RogerFisher, Professor of Law, Emeritus at the Harvard Law School was one of the topminds in the field of International Law and negotiation and was a major part ofestablishing Negotiation and Conflict Resolution as a field of academic study.He also co-founded the Harvard Negotiation Project along with William Ury,author, academician, anthropologist and an expert in negotiation. Harvard Negotiationproject is a mission created in order to deal with issues of negotiations andconflict resolution. William Ury has authored number of books like Getting To Yes,co-authored by Fisher, Getting Past No, Beyond The Hotline, Getting DisputesResolved, Must We fight, The Power Of a Positive No etc., in the field ofNegotiation and Conflict Management. GettingTo Yes by Fisher and Ury, a good read for anyone who is in the situation ofnegotiation, which implies it’s for everyone, as we all deal with differentkinds of negotiations as a part of everyday life. The book is more relevant for those who engagein large negotiations, deals worth millions, as a part of large entities.
It focuses on ways or methods for those whoaim to be better negotiators and to get the maximum value out of a negotiationprocess. The book describes a generic strategy that is usable on almost everytype of negotiation and conflict management process. The book is a very good resource,which seems as an outcome of long researches and experiential learning, quitewell educates the reader with the nuisances of a negotiation. Thebook begins with describing the importance of willingness to maintain a cordialrelationship between the parties engaged in a negotiation. It differentiatesbetween bargaining and a negotiation process and explains how positionalbargaining ruins the essence of a good negotiation. The authors bring in theconcept of principled negotiation which consists of a list of four principles actingas the skeleton of the book. These are four major areas on which an effectivenegotiator must focus on.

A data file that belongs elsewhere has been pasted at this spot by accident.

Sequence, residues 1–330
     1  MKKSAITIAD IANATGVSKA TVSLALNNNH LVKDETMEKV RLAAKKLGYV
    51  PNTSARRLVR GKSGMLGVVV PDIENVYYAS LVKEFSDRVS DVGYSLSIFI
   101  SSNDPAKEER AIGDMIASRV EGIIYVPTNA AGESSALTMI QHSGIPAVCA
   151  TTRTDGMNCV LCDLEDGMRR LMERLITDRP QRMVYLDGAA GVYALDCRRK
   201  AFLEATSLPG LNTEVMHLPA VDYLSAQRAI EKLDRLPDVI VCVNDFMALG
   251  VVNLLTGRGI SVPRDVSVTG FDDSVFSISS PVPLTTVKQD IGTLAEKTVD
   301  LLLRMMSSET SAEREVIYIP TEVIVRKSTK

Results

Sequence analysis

Thelist begins with the peoples’ problem. Negotiation is a game of psychology asdescribed by Wheeler in the book Art of Negotiation. People’s emotions play avery important part in a negotiation environment, so important that it has the strengthto make or break the process. This importance is rightly captured by theauthors and they suggest separating people from the issues, which disarms theeffect of uncontrolled emotions in the air. The three basic kinds of people’sproblem mentioned here are as following. First, the problem of differences onperceptions, Second, the problem of emotions, more precisely, uncontrolled emotions,followed by the problem of communication, majorly the importance of activelistening. This list broadly covers most of the problems arises due to thebasic human nature which inevitably possesses various forms of biases and irrationality.Thenext principle to be focused on is the interest of the parties in thenegotiation process.
The book suggests focusing on the objectives and theinterests of the parties than the position of the parties. Holding on to aposition and exhibiting power for wrong reasons or out of ego may lead to destruction;history has good examples of this fact. This is a very important point, whichinsists the negotiators to take into account all the interests, viewpoints ofall the parties and to hold an open mind towards the positions they might haveto hold, that for sure would lead to a fruitful negotiation. Theother two principles are to generate options and to use objective criteria.